Ladbrokes has dismissed accusations of misconduct made by the Guardian newspaper in a report of the bookmaker repaying £975,000 stolen from five victims by a problem gambler, providing they did not “bring any complaint or make any report to any regulator.”
The claim made in the article was countered by Ladbrokes’ parent company GVC, arguing that ensuring confidentiality in dispute settlements is a standard code of practice.
“This is quite separate from our own reporting obligations to the Gambling Commission,” said GVC in a statement.
“We notified the commission of this case at the relevant time and will continue to cooperate with our regulator in accordance with our licensing requirements.”
The article claims Ladbrokes “lavished” the British-born Dubai resident with free tickets to Arsenal games and the Floyd Mayweather versus Marcos Maidana boxing match, as well as an invitation to the company box at Royal Ascot.
Though no evidence exists of the conversation, the customer in question reportedly shared concerns with his account manager regarding his problematic relationship with gambling, before embarking on a five-month hiatus from placing any bets.
The newspaper then claims that during this period, the bookmaker continued to send gifts to the individual, including a £5,000 bonus deposit into his sports account, quoting a text allegedly from the account manager stating “just checking no issues your side mate as notice you haven’t played with us for two weeks.”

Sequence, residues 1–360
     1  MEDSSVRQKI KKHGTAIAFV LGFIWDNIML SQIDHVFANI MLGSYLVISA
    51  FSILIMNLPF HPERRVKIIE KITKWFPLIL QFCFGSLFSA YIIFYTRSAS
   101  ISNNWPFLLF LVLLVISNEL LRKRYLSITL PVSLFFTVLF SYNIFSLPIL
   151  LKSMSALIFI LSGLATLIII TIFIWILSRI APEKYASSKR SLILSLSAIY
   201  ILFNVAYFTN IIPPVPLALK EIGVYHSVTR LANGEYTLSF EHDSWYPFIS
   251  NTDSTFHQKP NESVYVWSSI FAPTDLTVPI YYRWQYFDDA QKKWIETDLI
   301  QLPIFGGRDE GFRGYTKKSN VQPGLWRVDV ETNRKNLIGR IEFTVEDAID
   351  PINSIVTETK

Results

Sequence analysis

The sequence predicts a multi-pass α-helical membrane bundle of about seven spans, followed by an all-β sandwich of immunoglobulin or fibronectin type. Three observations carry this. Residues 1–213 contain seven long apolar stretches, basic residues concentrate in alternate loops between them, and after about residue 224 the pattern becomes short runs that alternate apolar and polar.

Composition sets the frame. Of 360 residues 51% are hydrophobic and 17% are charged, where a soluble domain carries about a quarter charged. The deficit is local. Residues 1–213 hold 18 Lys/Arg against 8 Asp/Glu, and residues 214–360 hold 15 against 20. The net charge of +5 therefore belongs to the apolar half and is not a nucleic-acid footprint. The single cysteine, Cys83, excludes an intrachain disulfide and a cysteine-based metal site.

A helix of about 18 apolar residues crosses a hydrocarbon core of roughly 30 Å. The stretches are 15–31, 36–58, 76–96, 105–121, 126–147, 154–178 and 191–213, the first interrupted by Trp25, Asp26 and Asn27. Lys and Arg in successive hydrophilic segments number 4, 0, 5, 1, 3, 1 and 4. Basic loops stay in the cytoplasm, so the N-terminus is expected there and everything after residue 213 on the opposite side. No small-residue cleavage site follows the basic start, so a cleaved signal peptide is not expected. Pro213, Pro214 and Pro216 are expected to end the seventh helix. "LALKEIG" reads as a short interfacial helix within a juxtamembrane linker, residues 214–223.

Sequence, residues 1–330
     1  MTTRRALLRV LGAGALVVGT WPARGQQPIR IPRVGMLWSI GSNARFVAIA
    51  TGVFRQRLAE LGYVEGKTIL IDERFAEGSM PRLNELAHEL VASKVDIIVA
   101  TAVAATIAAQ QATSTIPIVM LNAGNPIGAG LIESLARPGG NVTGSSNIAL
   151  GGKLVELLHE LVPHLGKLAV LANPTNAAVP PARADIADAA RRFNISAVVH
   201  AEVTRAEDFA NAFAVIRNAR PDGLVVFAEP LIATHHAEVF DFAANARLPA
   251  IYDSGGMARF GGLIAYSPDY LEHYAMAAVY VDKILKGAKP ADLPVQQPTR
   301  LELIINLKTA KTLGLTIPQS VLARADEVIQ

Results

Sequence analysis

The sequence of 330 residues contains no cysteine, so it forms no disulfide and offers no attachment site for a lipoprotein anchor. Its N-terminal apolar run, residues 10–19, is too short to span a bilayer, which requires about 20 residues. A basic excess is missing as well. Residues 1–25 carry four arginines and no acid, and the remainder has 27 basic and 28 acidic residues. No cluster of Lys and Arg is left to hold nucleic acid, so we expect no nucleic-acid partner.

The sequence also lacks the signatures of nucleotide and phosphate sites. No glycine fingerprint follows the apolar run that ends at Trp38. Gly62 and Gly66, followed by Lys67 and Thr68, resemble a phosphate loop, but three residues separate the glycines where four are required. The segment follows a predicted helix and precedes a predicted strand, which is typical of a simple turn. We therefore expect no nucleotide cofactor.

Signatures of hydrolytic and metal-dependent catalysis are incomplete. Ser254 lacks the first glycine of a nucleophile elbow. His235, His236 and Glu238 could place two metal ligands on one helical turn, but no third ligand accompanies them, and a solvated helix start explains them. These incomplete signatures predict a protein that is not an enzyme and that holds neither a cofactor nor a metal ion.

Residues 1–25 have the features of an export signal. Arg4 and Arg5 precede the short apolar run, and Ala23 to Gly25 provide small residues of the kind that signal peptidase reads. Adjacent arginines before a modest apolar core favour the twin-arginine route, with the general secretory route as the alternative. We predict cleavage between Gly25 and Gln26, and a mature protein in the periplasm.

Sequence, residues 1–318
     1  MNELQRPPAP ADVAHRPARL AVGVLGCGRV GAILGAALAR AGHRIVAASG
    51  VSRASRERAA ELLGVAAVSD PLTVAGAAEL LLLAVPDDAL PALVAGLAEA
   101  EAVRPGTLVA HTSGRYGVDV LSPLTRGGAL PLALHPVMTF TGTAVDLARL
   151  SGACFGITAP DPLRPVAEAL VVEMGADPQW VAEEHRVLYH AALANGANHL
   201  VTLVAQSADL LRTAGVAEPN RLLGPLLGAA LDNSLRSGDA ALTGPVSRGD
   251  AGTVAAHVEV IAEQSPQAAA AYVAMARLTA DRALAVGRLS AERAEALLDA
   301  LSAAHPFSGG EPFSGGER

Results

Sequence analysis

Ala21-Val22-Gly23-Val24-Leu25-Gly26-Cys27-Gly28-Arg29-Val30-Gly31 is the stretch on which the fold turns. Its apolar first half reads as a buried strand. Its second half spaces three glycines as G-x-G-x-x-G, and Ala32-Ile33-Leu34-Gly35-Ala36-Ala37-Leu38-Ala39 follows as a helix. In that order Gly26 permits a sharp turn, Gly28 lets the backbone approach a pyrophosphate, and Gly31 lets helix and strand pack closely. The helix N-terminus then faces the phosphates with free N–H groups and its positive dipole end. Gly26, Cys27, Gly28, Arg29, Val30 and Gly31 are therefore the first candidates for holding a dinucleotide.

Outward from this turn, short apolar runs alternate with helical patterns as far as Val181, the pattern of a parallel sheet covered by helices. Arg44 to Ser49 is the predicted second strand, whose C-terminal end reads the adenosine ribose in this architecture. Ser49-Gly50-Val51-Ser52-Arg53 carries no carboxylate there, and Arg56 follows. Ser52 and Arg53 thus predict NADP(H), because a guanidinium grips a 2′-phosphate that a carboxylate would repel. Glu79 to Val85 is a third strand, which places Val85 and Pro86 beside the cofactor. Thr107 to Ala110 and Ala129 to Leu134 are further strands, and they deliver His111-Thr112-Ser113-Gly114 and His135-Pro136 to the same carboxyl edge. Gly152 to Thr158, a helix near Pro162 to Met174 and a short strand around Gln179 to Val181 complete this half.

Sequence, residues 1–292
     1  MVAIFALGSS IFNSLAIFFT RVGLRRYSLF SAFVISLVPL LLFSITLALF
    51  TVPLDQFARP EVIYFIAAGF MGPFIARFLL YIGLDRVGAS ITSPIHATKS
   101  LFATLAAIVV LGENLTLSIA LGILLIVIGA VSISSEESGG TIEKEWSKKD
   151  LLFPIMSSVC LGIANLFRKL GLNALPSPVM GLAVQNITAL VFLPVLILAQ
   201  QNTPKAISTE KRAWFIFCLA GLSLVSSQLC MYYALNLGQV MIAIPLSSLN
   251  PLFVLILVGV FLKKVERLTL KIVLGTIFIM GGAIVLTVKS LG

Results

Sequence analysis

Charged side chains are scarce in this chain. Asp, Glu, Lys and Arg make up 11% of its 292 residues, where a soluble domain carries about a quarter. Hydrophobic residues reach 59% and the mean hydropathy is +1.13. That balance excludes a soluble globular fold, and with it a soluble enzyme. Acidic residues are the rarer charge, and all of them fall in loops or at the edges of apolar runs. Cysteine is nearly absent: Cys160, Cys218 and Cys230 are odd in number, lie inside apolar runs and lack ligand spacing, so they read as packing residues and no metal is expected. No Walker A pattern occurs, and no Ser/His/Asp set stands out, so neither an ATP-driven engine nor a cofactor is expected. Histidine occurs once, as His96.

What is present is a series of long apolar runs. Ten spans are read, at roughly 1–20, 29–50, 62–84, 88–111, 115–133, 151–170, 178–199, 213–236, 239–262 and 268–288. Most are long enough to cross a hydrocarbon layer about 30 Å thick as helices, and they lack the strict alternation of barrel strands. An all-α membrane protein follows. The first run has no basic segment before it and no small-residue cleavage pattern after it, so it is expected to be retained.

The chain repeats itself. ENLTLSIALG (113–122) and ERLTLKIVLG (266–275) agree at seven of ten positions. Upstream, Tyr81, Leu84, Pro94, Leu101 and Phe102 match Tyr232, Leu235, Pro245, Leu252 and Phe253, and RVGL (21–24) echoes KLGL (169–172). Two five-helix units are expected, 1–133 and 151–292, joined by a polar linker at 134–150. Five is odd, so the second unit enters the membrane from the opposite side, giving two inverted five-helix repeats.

When no reply was received, the same number delivered the text: “Morning mate, I’ve put a £5k bonus in your sports account for you.”
Though the individual signed the same agreement as those who received the compensation from Ladbrokes, he broke the terms of the contract in order to make the claims to the UKGC.
“This shows [The Gambling Commission] that the operator has no respect for their codes of practice,” said the unnamed individual in the Guardian article.
Though Ladbrokes has stated “we do not comment on individual customer cases,” it is expected the Gambling Commission will now investigate the report.
“We are enquiring into this matter to ascertain the full circumstances,” said a spokesperson from the UKGC. “Our rules clearly set out that gambling businesses should work with us in an open and cooperative way.”
“This includes disclosing to us anything which we would reasonably be expected to know. If we find that a gambling business is not doing this then we will consider what action is necessary.”